The ultimate guide to growing organic grains on a small and ecological scale, The Organic Grain Grower is invaluable for both home-scale and commercial producers interested in expanding their resiliency and crop diversity through growing their own grains. Longtime farmer and organic pioneer Jack Lazor covers how to grow and store wheat, barley, oats, corn, dry beans, soybeans, pulse crops, oilseeds, grasses, nutrient-dense forages, and lesser-known cereals. In addition to detailed cultivation and processing information, Lazor argues the importance of integrating grains on the organic farm (not to mention for the local-food system) for reasons of biodiversity and whole farm management. Including extensive information on:
- The history of grain growing and consumption in North America
- The twenty-first century and the birth of the local-food movement
- Considering your farm's scale and climate
- Understanding soil fertility and structure
- Planting your crop (including spring vs. fall cereals and preparing your soil)
- The growing and ripening process (reproductive, milk, hard-and-soft dough stages)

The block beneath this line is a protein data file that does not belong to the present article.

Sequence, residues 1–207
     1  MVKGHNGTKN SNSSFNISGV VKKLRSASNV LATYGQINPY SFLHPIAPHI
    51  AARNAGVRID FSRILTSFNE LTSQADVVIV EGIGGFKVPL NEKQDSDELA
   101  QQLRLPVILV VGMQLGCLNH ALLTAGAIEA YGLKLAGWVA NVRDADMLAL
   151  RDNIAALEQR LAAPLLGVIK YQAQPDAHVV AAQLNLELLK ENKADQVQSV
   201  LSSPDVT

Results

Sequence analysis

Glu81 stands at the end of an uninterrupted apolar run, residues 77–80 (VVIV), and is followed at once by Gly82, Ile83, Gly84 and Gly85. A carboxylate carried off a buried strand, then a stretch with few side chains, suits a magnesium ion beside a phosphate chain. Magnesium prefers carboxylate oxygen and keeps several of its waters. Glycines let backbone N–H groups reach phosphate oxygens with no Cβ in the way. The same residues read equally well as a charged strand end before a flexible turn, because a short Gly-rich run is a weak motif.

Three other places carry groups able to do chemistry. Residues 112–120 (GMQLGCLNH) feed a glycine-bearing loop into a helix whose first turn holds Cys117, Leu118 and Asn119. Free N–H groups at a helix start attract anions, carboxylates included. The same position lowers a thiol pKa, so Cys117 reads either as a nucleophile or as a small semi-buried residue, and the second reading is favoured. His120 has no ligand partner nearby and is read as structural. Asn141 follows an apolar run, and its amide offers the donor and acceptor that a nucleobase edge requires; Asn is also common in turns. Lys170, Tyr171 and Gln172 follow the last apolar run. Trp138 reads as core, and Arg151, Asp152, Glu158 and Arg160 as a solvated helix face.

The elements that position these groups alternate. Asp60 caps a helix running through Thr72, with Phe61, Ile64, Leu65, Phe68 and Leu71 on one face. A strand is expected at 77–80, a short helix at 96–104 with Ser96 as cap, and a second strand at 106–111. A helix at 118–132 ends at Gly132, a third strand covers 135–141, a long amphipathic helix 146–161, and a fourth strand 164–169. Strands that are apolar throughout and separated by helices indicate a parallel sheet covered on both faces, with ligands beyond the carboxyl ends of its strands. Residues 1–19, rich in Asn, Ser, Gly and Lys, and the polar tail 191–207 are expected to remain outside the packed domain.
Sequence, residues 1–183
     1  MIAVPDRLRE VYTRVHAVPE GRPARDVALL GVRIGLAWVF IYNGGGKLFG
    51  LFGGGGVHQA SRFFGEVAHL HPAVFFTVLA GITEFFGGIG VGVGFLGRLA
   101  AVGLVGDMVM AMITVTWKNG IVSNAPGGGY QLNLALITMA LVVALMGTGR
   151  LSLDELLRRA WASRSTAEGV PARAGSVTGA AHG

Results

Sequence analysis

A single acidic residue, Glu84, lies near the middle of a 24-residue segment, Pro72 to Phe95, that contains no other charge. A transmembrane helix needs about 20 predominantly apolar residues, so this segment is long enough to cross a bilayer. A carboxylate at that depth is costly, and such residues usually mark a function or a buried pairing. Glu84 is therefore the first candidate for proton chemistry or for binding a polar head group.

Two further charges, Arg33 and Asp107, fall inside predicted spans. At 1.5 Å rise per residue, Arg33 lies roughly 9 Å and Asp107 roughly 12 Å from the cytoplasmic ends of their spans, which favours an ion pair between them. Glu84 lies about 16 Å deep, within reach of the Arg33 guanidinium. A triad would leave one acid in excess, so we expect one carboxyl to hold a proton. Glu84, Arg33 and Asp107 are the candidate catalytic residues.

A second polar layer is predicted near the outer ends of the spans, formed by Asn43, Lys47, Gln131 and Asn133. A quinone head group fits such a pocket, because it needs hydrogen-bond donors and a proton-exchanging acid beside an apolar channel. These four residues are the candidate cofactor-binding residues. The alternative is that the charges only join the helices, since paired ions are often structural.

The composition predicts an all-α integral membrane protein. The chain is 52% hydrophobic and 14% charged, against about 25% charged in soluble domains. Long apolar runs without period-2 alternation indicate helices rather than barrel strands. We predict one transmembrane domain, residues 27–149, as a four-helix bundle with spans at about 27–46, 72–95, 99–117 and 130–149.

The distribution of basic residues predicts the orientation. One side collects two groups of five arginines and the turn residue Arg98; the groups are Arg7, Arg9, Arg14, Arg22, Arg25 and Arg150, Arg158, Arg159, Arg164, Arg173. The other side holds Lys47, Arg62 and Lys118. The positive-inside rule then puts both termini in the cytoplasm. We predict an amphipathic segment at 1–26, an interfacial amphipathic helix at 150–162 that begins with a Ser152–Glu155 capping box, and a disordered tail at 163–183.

- The grain harvest
- Preparing grain for sale, storage, or end use (drying, cleaning seed, grain handling)
- Seed breeding and saving
- Machinery, infrastructure, and processing (both home-scale tools and larger farm equipment)
- Grinding grains for livestock rations (including how to put together a ration based on protein content) and sample rations for dairy cows, pigs, and chickens
- Processing grains for human consumption
- Additional resources and information for new grain farmers, and more...
Beginners will learn how to grow enough wheat for a year's supply of bread flour for their homestead, and farmers will learn how to become part of a grain co-op, working alongside artisan bakers and mills. Never before has there been a guide to growing organic grains applicable both for the home-scale and professional farming scale. This will be a classic for decades to come and a crucial addition to any farmer's, homesteader's, gardener's, agronomist's, or seed-saver's library.
“I believe I can safely say, without losing any money, that if you know of one fact truly necessary to growing grains organically in the United States that is not in this book, I'll pay you five bucks out of my own pocket. Plus there's a whole bunch of stuff about how to process and use grains in the barn or on the table that I have not found all in one place before.”--Gene Logsdon, author of Small-Scale Grain Growing